June 1—Hovnanian School Board of Trustees is hosting “An Evening of Fine Art and Entertainment” at  the home of Mr. Andreas Roubian, Saddle River, New Jersey, a renowned art collector. Funds raised will benefit the Hovnanian School Education Fund. $500 per person. For information: Meline Toufayan, 201-236-2276 or the school’s web site ( 
June 2—Strawberry Festival & Sunday Brunch, hosted by the Ladies Guild of St. Sarkis Church, Douglaston, New York. A delicious array of American and Armenian dishes. Donation: $15. For information contact the church office, 718-224-2275. 
June 7—Concert dedicated to the 300th Jubilee of Sayat Nova featuring Elie Berberian (Canada) and his band performing songs by Sayat Nova and other favorite minstrels, 8 pm, at the Armenian Center, 69-23 47th Avenue, Woodside, New York 11377. Donation: $25, includes post-concert reception. For tickets: or 212-689-5880. 
July 7—St. Sarkis Church, Dearborn, Michigan, Outdoor Family Event, following church services on the Feast of Transfiguration, Vartivar. Everyone, especially the youth, is invited to join in water games on the lawn next to the church.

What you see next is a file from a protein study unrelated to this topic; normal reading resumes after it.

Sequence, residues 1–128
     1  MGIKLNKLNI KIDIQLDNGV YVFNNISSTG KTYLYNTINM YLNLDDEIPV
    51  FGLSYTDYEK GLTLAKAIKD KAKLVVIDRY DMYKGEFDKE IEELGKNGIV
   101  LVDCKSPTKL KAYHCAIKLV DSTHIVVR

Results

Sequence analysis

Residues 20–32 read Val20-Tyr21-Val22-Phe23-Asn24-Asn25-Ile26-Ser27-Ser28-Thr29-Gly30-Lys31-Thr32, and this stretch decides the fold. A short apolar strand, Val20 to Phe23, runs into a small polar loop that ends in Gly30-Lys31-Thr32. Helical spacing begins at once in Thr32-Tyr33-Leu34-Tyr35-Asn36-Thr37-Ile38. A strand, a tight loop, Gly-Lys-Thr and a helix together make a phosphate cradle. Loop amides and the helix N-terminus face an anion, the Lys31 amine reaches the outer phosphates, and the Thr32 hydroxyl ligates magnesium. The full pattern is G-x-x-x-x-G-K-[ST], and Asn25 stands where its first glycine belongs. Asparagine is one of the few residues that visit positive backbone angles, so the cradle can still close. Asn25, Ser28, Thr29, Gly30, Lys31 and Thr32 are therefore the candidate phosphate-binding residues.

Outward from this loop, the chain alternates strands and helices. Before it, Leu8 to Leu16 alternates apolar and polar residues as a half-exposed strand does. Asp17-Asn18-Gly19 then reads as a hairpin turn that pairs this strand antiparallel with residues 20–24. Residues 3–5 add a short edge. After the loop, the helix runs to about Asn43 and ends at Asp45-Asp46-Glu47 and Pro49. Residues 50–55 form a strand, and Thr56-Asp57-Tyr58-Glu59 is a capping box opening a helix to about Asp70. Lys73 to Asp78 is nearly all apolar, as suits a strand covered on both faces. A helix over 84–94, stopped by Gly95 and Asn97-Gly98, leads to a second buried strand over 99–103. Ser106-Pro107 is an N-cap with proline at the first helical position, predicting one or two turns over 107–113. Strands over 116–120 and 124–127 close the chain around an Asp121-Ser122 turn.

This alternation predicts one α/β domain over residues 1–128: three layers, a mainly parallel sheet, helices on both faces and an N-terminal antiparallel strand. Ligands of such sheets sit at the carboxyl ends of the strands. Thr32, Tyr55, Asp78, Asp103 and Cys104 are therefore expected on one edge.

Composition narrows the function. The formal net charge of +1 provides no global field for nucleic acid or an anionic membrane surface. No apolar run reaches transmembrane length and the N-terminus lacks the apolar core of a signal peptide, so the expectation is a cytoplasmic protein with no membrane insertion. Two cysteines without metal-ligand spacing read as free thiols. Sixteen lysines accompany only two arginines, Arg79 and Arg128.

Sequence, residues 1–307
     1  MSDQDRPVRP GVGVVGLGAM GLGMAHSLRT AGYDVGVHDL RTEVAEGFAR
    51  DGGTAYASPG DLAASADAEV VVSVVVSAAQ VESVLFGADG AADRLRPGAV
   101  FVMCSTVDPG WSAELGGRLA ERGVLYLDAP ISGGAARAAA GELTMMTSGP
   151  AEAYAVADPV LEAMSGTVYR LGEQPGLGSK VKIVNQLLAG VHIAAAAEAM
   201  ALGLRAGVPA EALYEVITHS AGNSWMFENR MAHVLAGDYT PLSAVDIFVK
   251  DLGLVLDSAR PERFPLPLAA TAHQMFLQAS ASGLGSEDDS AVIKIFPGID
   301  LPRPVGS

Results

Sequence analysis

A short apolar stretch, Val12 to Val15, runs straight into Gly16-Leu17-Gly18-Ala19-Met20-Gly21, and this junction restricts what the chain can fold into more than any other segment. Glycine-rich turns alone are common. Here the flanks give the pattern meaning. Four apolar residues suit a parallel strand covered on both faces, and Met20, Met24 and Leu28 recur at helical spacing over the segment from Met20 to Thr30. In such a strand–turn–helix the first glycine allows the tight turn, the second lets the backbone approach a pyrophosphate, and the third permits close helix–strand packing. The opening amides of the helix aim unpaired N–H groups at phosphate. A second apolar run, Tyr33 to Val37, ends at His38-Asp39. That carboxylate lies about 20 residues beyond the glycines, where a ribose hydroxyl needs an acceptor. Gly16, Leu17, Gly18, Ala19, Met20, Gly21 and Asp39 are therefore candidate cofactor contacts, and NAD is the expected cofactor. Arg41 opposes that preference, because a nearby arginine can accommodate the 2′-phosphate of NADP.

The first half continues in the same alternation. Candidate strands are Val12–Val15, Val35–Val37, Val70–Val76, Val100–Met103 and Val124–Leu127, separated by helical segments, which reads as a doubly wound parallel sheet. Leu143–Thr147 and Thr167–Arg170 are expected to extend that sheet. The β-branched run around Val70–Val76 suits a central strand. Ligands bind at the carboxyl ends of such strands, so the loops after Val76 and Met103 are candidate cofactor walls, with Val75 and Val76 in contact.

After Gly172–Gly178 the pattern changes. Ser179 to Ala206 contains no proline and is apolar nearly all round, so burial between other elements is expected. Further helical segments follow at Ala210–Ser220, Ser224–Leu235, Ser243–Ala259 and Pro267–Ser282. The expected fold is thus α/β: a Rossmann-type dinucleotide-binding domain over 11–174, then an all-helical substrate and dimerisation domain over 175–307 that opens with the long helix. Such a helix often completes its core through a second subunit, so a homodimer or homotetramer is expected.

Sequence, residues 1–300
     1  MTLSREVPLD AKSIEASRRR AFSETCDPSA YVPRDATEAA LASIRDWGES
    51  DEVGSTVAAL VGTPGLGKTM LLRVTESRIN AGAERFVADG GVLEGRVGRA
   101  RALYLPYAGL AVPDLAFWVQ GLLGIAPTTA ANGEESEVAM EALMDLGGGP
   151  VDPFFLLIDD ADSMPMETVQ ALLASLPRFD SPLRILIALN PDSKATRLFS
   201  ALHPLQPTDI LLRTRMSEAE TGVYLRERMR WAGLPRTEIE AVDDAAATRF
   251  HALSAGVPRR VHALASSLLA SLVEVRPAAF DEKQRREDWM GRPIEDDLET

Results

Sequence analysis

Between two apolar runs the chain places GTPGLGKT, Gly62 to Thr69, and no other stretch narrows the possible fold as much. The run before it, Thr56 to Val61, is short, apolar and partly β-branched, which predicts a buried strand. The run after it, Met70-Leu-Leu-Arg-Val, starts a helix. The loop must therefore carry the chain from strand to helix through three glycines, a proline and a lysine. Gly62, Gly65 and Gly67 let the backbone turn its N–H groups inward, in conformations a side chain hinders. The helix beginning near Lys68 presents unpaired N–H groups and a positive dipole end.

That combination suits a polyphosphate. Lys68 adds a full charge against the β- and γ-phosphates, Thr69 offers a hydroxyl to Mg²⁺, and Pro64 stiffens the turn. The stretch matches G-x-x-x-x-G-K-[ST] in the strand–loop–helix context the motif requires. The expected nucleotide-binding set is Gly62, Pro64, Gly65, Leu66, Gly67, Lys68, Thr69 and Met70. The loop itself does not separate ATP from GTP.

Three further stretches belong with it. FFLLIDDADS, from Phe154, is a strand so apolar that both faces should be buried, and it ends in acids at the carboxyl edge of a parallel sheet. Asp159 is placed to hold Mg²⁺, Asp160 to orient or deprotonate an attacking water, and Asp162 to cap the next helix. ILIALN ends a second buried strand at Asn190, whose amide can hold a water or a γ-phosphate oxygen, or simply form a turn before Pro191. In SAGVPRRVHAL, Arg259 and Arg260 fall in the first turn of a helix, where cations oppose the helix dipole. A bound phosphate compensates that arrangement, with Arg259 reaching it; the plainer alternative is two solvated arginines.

June 9—Father’s Day Dinner and Comedy, sponsored by Armenian Compatriotic Union of Ourfa, featuring renowned comedian Vahe Berberian with a new repertoire, with the participation of violinist Souren Kahvedjian, Ya Hala Restaurant, 45 Main Street, Wallington, New Jersey. Adults $60; children under ten $30. Proceeds to Syrian Armenian Relief Fund. For information: (732) 970-5207. 
June 9—St. Sarkis Church and Douglaston School of Music and Art present “Aram Khatchaturian—110th Anniversary Concert,” by faculty members and students of Douglaston School of Music and Art, 1:30 pm, Chaderjian Hall, St. Sarkis Church, 38-65 234th Street, Douglaston, New York. Donation: $10. 
June 13—St. Gregory Church, North Andover, Massachusetts, 4th annual Cigar Night & Dinner in Blessed Memory of Rev. Fr. Vartan Kassabian. Surf & Turf dinner, open bar, cigars, live & silent auction, raffles. Tickets must be purchased in advance by sending a check for $150 payable to St. Gregory’s Mens Club, 158 Main Street, North Andover, Massachusetts 01845, or contact Greg Minasian at, or 978-470-3075. 
June 15—National Association of Ladies Guilds (NALG), Seminar and Picnic, 10 am to 2 pm. Jointly hosted with Ladies Guild of Saint Asdvadzadzin Church, Whitinsville, Massachusetts, 315 Church Street, Whitinsville. Guest speaker: Carol Jaffarian, will provide update on the Mother and Child Clinic and Birthing Center in Akhourian, Armenia. RSVP by June 8 to the Church (508-234-3677), or to Sharke Derapkrian by email ( or phone (978-685-7243). 
June 12 to 15—World General Assembly of the Holy See of Cilicia, at the Catholicosate in Antelias, Lebanon. 
June 16—St. Gregory Church, annual Father’s Day Picnic, 12 noon to 5 pm, on the church grounds at 135 Goodwin Street, Indian  Orchard, Massachusetts. Enjoy many favorite Armenian dinners including shish kebab and rice pilaf.  Baked goods available for purchase. 50/50 raffle, Armenian music and dancing, and a bounce house for children. Free admission and parking. For information: 413-543-4763.